After a quick dinner downtown, Anaar and I made it back for Gwion and Phoenix’s Rhiannon – A Devotional to the Great Welsh Queen. It was a lovely experience, and I learned some new aspects of Rhiannon that will have me thinking for a while. Afterwards, we “prepped” for the Mankeys’ Dionysian Revival Ritual. It was a lot of fun and a great way to end the evening, with my favorite part being Ari playing the part of Persephone at the well, as I’m a huge Persephone geek. (surprise!) Short on sleep, I didn’t make a late night of it.Saturday brought something new and different to MGW – having one day of vending! As an event producer myself, as well as a presenter, artist, and vendor, I believe that vending does bring multiple excellent elements to an event. It helps directly support artisans in the community (makers, artists, writers, etc), vending fees can help offset venue costs, and it allows for a good atmosphere for people to meet and talk about what they do. The downside of having it one day was that we spent most of the morning setting up, and then once I was done, I just wanted to sit and soak it in for a bit – resulting in me missing all of the daytime panels, several of which I was really interested in. For next year, if the vending expands to the entire event, set-up can happen before the panels kick-off, and not break down until the end of Sunday, which makes scheduling time to attend things easier. All that said, I didn’t have any expectations, so I was beyond pleased with the response to my artwork and having many great conversations with folks along the day. So even though I missed planned panels, I was able to talk extensively with folks I may not have had a chance to otherwise.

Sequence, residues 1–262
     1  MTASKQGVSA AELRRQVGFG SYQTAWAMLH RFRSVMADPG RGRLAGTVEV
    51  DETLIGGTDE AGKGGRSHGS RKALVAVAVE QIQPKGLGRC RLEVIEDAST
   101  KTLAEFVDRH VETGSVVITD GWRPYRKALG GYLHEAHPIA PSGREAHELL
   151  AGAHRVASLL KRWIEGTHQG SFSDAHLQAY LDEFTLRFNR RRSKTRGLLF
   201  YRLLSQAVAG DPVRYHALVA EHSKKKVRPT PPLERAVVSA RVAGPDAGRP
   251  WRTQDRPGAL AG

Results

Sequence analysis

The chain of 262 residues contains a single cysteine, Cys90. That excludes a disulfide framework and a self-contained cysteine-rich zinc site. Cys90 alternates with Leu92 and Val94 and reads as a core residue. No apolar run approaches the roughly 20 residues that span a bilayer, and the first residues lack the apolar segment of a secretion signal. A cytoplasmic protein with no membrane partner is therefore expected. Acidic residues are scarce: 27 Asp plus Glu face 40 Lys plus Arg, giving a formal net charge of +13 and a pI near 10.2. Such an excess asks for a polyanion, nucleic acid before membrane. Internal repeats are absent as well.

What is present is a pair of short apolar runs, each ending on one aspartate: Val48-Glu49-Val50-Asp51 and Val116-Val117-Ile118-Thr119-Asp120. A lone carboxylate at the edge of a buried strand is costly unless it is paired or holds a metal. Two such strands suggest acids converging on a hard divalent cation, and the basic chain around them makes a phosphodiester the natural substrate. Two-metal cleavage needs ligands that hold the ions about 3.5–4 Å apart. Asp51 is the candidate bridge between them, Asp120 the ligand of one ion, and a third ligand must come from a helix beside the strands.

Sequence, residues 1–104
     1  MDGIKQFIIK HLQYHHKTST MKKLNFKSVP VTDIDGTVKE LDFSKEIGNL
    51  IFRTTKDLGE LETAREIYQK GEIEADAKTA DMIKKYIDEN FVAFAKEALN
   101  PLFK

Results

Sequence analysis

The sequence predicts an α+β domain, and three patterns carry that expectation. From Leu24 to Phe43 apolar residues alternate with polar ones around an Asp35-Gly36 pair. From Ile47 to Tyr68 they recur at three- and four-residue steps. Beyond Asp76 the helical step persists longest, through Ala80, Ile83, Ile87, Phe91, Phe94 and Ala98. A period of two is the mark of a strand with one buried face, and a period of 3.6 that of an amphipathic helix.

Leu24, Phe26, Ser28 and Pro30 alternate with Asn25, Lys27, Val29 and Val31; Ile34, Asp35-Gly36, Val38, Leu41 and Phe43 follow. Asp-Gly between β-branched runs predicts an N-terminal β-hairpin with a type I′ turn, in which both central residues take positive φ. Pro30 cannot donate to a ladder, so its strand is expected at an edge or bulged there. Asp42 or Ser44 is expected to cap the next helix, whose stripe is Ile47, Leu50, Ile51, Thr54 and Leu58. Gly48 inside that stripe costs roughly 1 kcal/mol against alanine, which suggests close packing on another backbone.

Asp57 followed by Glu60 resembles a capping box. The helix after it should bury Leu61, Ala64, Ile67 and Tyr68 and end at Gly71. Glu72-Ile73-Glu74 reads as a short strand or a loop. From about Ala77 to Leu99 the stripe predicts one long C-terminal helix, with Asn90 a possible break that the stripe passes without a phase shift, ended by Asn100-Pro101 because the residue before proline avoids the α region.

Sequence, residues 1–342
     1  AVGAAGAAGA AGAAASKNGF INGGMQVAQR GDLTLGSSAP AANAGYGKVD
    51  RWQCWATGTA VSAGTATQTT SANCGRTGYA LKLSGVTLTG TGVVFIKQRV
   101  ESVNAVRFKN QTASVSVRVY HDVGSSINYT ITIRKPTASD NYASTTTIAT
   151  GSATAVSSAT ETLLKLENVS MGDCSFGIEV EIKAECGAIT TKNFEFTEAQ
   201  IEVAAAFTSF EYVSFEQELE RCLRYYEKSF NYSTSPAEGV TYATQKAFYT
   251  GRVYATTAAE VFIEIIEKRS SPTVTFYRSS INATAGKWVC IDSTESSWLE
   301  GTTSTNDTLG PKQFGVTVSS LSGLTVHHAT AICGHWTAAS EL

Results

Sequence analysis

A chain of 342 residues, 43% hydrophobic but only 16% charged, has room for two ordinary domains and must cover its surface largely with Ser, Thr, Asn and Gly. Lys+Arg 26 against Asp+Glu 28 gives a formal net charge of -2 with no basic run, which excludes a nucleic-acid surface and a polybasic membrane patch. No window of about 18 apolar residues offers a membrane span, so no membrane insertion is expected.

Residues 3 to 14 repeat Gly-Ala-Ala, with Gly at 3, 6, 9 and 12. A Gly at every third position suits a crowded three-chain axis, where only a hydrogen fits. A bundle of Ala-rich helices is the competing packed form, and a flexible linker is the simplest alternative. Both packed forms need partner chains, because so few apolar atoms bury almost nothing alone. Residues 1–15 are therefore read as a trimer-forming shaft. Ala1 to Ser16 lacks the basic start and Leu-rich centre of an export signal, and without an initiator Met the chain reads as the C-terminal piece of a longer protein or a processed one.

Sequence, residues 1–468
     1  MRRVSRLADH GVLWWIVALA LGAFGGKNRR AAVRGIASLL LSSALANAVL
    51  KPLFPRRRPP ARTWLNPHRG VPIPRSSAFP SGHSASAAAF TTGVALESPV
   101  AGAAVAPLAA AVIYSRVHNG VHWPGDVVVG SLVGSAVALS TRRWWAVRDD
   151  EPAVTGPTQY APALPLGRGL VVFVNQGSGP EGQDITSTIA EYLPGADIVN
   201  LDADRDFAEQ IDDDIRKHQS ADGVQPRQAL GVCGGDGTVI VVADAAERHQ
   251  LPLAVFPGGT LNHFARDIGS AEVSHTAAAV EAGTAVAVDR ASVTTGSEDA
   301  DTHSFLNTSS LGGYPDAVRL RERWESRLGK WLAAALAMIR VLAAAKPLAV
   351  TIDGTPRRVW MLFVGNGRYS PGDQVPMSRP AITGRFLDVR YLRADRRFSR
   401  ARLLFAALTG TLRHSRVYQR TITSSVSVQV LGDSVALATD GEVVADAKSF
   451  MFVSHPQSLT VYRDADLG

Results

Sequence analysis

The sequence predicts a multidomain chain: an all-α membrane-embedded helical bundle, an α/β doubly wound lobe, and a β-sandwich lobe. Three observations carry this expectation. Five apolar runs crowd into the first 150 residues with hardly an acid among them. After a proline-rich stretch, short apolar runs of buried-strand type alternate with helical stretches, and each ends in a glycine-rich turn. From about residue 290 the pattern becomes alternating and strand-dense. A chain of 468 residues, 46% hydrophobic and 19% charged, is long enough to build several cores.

For dinner I had a steak as big as my face, and I needed it to have stamina for our presentation of the De-Possession Ritual. Folks might not have known (I don’t think there was a group bio in the program), but Anaar, myself, and Gwion & Phoenix all come from separate traditions. We had a common point of inspiration back at PantheaCon, and this presentation was the result of it. We each brought our own flavor to the overall ritual, with the distinct intent to keep things fluid with a light outline, letting the attendees help us shape how the evening would go. It felt very much successful, and it was wonderful to work with everyone – I expect there will be more collaborations in the future. My only sad point was that many of my friends were presenting the Antinoan Devotion opposite of us on the schedule, so we missed experiencing each other’s rituals. Doh.
Afterwards, got to get some good socializing in with folks, but alas, staying off campus with family meant heading out a bit earlier (and more sober) than I would have liked. Next year, definitely staying on campus!
I had plans to attend panels on Sunday, but when Sunday rolled around, my body and brain wasn’t having it. Headed over for hugs and seeing some friends off, then started back home. I was asleep in bed with cats piled on top of me by the time the last panels started.
I really love the size and feel of MGW – it helps you become more familiar with really fascinating people, and the format is not so overwhelming – despite it being hard to choose between 2-3 options. I missed attending the tea room and the healing room, which I have heard great things about. In contrast to the first year, it’s funny that the majority of things I attended this year were rituals versus workshops like last year, and I’m looking forward to seeing how that plays out in my own life. It is definitely a worthwhile and beautiful event to be a part of it! And I think everyone who attends is truly made to feel a part of it.